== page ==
So your mailbox was taken out by a snow plow. What now?

  • Bob Trump talks about his mailbox, which got cut in half in the last two snowstorms, at his home on Florence Road. GAZETTE STAFF/CAROL LOLLIS

  • Bob Trump holds the top half of his mail Box that got cut in half in the last two snow storms at his home on Florence Rd. —GAZETTE STAFF/CAROL LOLLIS

  • The bottom half of Bob Trump's mailbox, which got cut in half in the last two snow storms at his home on Florence Road. GAZETTE STAFF/CAROL LOLLIS

  • A mail box damaged by plow trucks on 89 Florence Rd. —GAZETTE STAFF/CAROL LOLLIS

  • A mail box damaged by plow trucks on 89 Florence Rd. —GAZETTE STAFF/CAROL LOLLIS

  • A mailbox at Denis Daly’s house at 137 Florence Road was damaged by plow trucks during the latest snowstorm. GAZETTE STAFF/CAROL LOLLIS

  • A mail box damaged by plow trucks on 7 Florence Rd. GAZETTE STAFF/CAROL LOLLIS

@mjmajchrowicz
Published: 3/23/2017 10:31:24 PM

NORTHAMPTON — Many of the mailboxes that line Florence Road are shells of their former selves.

Some are tethered to their posts by bungee cords. Some are held in place with near entire rolls of gorilla tape. Others have been reduced to jagged plastic totems — the latest casualties of the snowplows that residents on this street have come to both revere and resent.

What exactly is one to do when a mailbox falls prey to the city’s snow-removal efforts?

The city used to dole out $50 checks, but that changed in 2006 when officials decided they were shelling out too much money on the claims alone.

In response, Northampton adopted a measure allowing residents to file claims with the city clerk’s office and be compensated with a voucher (instead of cash) worth up to $50, redeemable at Florence Hardware and Foster Farrar, where necessary mailbox components could be purchased. Residents were permitted to file only one claim per season, and no, the city would not fix or install the mailbox, according to the policy.

The policy leaves little wiggle room.

“No reimbursement in excess of $50.00 shall be provided, regardless of the location, size, original cost or elaborateness of the mailbox and post,” it reads.

The claim must be filed within 30 days of the alleged damage and is then authorized (or not) by the city. Northampton Public Works then processes the claims, said Richard Parasiliti Jr., superintendent of the highway division. The vouchers expire May 31 of the year they were assessed.

“Mailboxes aren’t designed to take hits from the side — in fact, they’re not designed to take any of that,” Parasiliti said. “They’re meant to take mail.”

When public works employees end up taking down or damaging a mailbox during snow removal, Parasiliti said, they’re required to make note of it with the department.

“It’s hard for those guys to be able to push the snow and not damage a mailbox,” City Clerk Wendy Mazza said. “If the snow’s heavy, it’s gotta go somewhere. I’m sure they’re not out there trying to take out a mailbox. I think it’s the nature of the beast.”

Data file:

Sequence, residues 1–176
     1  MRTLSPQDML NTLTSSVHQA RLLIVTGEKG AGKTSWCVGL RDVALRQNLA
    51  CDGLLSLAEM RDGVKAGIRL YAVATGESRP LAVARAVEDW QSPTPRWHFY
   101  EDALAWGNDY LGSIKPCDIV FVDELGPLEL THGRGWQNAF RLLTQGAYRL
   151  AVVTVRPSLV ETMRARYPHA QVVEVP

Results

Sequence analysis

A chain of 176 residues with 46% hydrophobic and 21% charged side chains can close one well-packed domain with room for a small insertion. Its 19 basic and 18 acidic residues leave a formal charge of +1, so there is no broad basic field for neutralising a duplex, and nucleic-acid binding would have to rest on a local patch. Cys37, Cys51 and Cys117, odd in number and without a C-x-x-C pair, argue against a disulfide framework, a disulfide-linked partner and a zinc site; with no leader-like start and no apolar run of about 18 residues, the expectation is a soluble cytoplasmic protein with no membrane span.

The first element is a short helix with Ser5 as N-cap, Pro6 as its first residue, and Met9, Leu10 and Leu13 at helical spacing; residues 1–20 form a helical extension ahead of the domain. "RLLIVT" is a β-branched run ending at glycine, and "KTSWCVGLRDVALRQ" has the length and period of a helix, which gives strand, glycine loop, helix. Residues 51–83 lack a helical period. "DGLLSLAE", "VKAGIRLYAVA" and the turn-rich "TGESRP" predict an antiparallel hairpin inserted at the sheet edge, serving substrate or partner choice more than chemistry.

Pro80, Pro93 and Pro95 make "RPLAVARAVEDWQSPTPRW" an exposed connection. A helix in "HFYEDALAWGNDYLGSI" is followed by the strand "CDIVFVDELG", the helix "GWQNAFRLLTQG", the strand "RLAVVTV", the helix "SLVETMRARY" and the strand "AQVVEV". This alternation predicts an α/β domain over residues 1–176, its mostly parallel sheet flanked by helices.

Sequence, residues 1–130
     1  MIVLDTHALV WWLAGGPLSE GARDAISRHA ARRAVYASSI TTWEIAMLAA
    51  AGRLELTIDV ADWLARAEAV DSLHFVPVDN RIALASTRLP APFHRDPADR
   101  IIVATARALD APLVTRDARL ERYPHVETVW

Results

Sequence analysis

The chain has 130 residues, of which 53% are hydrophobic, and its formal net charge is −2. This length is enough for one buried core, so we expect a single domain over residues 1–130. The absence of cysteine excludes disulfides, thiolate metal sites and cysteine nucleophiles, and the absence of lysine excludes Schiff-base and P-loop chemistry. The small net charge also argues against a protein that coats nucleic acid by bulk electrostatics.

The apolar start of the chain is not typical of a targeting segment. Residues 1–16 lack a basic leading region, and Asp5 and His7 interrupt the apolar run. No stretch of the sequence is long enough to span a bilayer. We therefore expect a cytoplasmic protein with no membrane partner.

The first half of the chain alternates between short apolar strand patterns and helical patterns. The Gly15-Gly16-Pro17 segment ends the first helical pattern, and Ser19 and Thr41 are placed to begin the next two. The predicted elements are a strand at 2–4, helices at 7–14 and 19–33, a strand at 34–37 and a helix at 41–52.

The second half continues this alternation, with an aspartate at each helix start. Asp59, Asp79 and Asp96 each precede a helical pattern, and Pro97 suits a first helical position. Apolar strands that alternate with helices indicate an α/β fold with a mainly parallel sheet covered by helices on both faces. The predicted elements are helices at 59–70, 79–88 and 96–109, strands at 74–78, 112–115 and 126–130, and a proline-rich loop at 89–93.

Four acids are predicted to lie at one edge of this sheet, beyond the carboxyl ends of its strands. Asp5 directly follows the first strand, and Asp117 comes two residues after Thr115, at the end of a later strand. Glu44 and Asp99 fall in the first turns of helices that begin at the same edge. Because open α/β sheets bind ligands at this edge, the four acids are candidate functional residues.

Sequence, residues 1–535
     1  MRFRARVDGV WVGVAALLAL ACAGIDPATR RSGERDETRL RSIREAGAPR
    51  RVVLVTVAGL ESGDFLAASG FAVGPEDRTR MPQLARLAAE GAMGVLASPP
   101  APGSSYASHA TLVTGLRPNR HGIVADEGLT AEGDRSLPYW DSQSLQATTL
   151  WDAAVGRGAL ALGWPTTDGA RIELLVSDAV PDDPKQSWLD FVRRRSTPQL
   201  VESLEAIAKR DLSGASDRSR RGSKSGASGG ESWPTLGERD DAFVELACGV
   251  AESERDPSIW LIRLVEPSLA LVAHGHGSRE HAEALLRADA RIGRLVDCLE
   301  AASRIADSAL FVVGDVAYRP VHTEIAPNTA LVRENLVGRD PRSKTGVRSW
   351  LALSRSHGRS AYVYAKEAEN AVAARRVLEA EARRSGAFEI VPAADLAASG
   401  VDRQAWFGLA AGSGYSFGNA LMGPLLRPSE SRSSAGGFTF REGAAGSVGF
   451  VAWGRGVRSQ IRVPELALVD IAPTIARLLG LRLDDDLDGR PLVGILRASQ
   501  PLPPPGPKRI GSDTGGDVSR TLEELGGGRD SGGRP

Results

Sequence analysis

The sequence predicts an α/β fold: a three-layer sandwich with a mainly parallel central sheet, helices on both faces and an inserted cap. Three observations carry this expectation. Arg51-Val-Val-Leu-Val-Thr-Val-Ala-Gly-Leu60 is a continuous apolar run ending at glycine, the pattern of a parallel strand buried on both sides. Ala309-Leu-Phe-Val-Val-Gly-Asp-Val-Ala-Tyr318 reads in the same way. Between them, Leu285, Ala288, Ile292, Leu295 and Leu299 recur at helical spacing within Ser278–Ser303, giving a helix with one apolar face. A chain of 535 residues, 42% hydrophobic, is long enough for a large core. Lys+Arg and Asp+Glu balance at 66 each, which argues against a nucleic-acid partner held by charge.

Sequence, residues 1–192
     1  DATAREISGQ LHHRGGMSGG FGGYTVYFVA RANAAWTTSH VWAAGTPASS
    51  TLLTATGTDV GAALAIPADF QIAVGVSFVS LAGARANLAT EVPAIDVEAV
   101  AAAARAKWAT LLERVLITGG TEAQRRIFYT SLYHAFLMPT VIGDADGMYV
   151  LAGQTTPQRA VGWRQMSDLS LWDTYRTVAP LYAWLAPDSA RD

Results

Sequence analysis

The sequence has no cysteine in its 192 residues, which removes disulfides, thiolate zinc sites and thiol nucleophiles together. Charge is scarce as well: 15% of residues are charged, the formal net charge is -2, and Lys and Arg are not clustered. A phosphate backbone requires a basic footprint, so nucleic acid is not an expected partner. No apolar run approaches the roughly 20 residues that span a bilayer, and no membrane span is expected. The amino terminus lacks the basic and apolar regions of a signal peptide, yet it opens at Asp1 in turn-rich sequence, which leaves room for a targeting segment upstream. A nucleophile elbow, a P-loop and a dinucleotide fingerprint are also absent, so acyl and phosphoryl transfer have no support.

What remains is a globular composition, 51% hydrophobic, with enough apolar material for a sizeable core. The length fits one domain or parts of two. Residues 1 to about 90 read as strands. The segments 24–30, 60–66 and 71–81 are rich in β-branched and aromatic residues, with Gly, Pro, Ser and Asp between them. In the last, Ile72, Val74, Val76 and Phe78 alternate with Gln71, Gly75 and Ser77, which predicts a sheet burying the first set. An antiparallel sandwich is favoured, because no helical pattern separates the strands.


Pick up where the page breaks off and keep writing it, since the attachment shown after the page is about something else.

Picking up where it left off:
Parasiliti also said he encourages drivers to weave in and out the best they can and do their best to avoid the mailboxes.

“It’s aggravating, I’m sure, to people when the snow hits the mailbox. There’s no other way to go about that that I’m aware of in terms of getting snow off the roadway,” Parasiliti said. “They become victims to the snow-removal process.”

The problem is not as avoidable as one might think, he said, considering the mailboxes can only be so far from the curb, in accordance with U.S. Postal Service guidelines.

The claims

The Gazette reviewed each of the 35 claims filed this winter, some of which read more like epics:

“It was a cold and snowy day on Thursday, Feb. 9, 2017. Snow falling at a rate of 2 inches per hour. The governor told everyone to stay home and most of us did. It was the biggest snow storm of the season. I’ll never forget it, because that was the day the snowplow took down my mailbox,” wrote Denis J. Daly, 65, who lives on Florence Road.

It has happened more than once, he said in an interview.

“I did my best to save it and using bungee cords, I attached it to the wooden post where it has always been,” the letter continued. “It seemed like it was going to be OK, when, alas, tragedy struck again.”

Daly said although he’s yet to reinstall a new mailbox, he doesn’t blame the city for the loss.

“I don’t blame the city, and I live on Florence Road which is the main road here,” Daly said. “Three plows usually come up and down where I live. I hold nothing against the city.”

In another claim, Cynthia Zitler, who lives on Burts Pit Road, described her mailbox as having been “decapitated.”

“Didn’t file a claim last time I lost a mailbox, but I really like this one,” she wrote.

Robert E. Trump, another Florence Road resident, said at his home Thursday that he received a phone call from a neighbor while out of town alerting him to the mauled mailbox.

“The heavy snow spray from a city plow on Florence Road nearly broke my rural mailbox entirely,” Trump wrote in his Jan. 4 claim to the city. “As I was not home, my neighbor attempted to repair it with gorilla tape, at best a temporary fix … another plow finally finished off the box!”

Now, a jagged plastic base stands where his mailbox used to be.

Trump keeps the mailbox itself stored on the porch in his backyard.

“It seems foolish to waste this box,” he said hoisting it up from the ground.

He’s not yet sure what he’s going to do with the detached mailbox. Maybe, he quipped, it’ll become a wall decoration.

Michael Majchrowicz can be reached at mmajchrowicz@gazettenet.com.




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